Flexible attitude

Temporary and pop up venues offer organisers the opportunity to shape the event to their particular needs

As the festive season kicks in to action, event organisers take advantage of temporary structures to get the party started.
Andrew Hodgkins, group managing director events, at the Smart Group, said: “At Smart Group we were delivering such events 20 years ago long before the term ‘pop-up’ was coined.
“This year will see the launch of a brand new pop-up Christmas venue on Finsbury Square hosting Smart’s Victoriana party which will bring our award-winning parties right to the heart of the city; appropriately in a location made famous for the invention of the Christmas cracker.”
So why with all the bricks and mortar around do people keep coming to these temporary venues? The truth is Christmas is a unique market which has wildly different needs to that of the day-to-day events market.
Hotels, restaurants and venues all see the festive season as a key trading period but there the similarity ends as they are all trying to accommodate Christmas within their primary focus on guests, dinners and visitors. Christmas is something they want to maximise but can never fully adopt due the constraints placed upon them. Pop-ups provide a blank canvas for creating themes and designing concepts, these spaces truly lend themselves to the staging of elaborate high production extravaganzas.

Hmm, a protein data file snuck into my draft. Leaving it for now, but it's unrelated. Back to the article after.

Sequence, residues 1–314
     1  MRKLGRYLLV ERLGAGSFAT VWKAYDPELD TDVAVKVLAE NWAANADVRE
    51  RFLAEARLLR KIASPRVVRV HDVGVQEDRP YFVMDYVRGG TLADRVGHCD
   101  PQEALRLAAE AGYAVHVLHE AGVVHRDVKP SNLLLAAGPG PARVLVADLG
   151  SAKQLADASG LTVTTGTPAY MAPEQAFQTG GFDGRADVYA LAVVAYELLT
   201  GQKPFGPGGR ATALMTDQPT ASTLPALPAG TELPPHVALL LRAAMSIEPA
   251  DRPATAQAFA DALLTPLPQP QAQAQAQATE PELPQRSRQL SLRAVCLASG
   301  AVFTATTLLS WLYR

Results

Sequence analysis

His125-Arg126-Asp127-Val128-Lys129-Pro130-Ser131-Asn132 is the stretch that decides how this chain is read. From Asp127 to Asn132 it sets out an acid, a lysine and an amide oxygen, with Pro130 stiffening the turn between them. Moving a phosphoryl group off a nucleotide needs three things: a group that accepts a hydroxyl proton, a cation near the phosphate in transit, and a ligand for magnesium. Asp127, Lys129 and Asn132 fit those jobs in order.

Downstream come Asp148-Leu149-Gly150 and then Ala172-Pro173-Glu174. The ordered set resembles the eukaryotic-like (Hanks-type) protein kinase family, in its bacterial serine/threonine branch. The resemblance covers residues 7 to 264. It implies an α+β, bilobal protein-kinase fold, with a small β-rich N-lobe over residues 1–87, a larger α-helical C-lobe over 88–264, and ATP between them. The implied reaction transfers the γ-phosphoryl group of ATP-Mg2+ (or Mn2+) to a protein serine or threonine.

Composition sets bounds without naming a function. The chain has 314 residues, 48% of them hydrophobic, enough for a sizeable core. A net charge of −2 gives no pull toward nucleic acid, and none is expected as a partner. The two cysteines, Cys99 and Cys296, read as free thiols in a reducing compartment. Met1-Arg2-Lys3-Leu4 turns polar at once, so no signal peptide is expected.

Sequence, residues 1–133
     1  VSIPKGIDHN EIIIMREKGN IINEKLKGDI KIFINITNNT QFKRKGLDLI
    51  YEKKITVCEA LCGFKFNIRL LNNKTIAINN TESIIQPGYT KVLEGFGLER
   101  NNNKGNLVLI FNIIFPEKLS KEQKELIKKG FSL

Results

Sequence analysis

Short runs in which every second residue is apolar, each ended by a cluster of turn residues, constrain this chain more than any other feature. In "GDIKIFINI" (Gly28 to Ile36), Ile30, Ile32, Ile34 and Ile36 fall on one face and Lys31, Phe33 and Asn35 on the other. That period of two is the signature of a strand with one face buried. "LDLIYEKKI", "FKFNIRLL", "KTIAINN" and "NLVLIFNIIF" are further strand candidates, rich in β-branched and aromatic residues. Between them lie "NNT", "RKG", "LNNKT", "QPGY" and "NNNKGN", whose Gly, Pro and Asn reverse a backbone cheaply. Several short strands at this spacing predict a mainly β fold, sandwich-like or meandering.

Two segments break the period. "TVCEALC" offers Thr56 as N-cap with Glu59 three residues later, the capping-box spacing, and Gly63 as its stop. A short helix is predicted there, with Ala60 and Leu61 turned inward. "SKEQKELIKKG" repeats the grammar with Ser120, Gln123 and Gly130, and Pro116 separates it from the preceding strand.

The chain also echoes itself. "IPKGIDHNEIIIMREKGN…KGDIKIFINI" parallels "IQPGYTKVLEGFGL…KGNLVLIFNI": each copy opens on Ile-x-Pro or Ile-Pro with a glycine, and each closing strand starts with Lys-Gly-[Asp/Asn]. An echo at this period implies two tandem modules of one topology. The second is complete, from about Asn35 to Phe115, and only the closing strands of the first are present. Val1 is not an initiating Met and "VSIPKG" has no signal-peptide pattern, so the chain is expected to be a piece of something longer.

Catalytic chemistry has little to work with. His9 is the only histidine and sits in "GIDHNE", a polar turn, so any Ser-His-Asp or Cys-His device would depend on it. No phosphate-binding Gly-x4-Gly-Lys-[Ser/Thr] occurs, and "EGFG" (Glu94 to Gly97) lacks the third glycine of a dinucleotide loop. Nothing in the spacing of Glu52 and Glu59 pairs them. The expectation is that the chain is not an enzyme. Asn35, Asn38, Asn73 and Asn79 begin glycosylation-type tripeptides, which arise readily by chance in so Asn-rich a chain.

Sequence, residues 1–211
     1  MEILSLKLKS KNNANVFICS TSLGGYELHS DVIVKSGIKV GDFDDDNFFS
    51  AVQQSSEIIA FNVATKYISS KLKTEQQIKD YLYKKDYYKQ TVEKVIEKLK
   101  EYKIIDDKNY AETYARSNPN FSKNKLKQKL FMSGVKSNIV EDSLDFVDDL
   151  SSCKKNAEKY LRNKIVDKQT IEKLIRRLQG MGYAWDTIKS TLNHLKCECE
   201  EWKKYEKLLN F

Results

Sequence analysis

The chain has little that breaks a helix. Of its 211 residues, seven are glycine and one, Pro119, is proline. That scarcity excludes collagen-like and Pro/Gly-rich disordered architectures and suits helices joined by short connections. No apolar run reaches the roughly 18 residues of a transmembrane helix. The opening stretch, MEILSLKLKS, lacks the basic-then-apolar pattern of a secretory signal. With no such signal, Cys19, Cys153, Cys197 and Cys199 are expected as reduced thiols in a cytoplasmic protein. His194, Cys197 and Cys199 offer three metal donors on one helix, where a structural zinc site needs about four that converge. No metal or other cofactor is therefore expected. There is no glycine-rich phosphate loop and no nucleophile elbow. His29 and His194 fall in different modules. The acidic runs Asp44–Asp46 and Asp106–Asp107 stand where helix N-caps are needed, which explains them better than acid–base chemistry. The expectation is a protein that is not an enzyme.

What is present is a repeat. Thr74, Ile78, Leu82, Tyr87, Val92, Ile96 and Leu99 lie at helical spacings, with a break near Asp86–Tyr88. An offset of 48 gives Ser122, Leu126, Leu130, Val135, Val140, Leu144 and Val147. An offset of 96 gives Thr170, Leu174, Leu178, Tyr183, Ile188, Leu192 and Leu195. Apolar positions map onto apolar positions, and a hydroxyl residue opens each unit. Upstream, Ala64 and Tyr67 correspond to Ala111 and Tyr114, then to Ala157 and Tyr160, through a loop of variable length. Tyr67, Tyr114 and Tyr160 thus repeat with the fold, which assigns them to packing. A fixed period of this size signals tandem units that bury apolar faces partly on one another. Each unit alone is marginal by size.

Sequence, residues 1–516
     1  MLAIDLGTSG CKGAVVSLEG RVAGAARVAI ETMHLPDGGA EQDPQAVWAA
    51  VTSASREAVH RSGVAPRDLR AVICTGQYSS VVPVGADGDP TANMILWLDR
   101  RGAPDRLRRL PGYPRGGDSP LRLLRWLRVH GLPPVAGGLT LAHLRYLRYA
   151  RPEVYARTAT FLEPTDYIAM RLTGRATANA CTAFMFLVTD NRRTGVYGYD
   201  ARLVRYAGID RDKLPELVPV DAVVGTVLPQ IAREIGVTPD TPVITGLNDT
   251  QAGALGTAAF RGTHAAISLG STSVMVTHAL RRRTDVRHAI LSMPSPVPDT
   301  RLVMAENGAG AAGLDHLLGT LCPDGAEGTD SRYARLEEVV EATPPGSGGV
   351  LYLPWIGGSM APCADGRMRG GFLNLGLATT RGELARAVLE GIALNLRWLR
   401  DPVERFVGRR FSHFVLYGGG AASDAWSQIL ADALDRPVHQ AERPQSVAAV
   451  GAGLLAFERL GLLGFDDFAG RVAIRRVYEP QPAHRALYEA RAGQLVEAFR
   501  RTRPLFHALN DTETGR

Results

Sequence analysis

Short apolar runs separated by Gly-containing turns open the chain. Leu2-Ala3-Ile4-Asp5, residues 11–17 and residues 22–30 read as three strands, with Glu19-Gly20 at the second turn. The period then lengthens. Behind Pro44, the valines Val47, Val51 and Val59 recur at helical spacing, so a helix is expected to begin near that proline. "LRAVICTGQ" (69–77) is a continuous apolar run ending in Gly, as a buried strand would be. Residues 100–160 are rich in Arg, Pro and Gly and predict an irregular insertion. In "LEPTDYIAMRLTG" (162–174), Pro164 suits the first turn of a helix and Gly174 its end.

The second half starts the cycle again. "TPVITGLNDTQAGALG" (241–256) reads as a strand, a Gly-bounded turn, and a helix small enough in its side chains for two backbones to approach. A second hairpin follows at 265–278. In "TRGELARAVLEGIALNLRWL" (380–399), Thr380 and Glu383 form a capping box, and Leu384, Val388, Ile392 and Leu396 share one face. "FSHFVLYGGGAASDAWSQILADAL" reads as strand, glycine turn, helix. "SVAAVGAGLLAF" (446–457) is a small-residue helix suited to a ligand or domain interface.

“Battersea Evolution is the ultimate pop-up running from September to June each year, its annual rebirth gives it the chance to evolve and innovate faster than any permanent building. This year, Smart launched the new Mezzanine level at Battersea Evolution which has opened the venue to a whole new audience delivering 700sqm of elevated space with natural daylight, views over the main event space and a new kitchen area,” says Hodgkins.
It’s not just party animals that favour pop-up venues.
TRO and BMW Group have teamed up to launch three pop-up shops, exclusively dedicated to the BMW i range of electric vehicles and lifestyle merchandise.
The first BMW i pop-up space opened in October in Newcastle’s Intu Metro Centre in collaboration with Lloyd BMW Newcastle (pictured below).
TRO designed the brand space and experience taking style cues from the award-winning BMW i3 and i8 vehicles, focusing on technology and lifestyle to bring the i brand to stunning life.
The store featured LED lighting, a living wall, and different zones which all come together to create a beautiful space and experience for shoppers. Experiences include a lounge area with coffee bar, a story wall containing iPioneer customer stories on interactive screens, a kids’ zone with ‘buzzwire’ and other games, and a charging zone for mobile phones.
Carl Sanderson, general manager, BMW i said: “Our BMW i Pop-Up Shops will give visitors, who might not have considered BMW before, the chance to touch and feel the brand and product in an informal, immersive and interactive environment.
“BMW has seen great success from its award-winning Pop-Up Shops programme, and we are looking forward to welcoming people to our specially designed i shops over the coming weeks.”
The BMW i Pop-Up Shops visited Newcastle, Manchester and Bristol in the last three months.
Sarah Mayo,
TRO brand and business development director, said: “At our agency we work with an extensive list of automotive brands and the success of our business is dependent on us leading the way, exploring and using new techniques to meet the changing retail environment and consumer needs. Consumers now expect more from brands and are starting to expect more from retail environments too.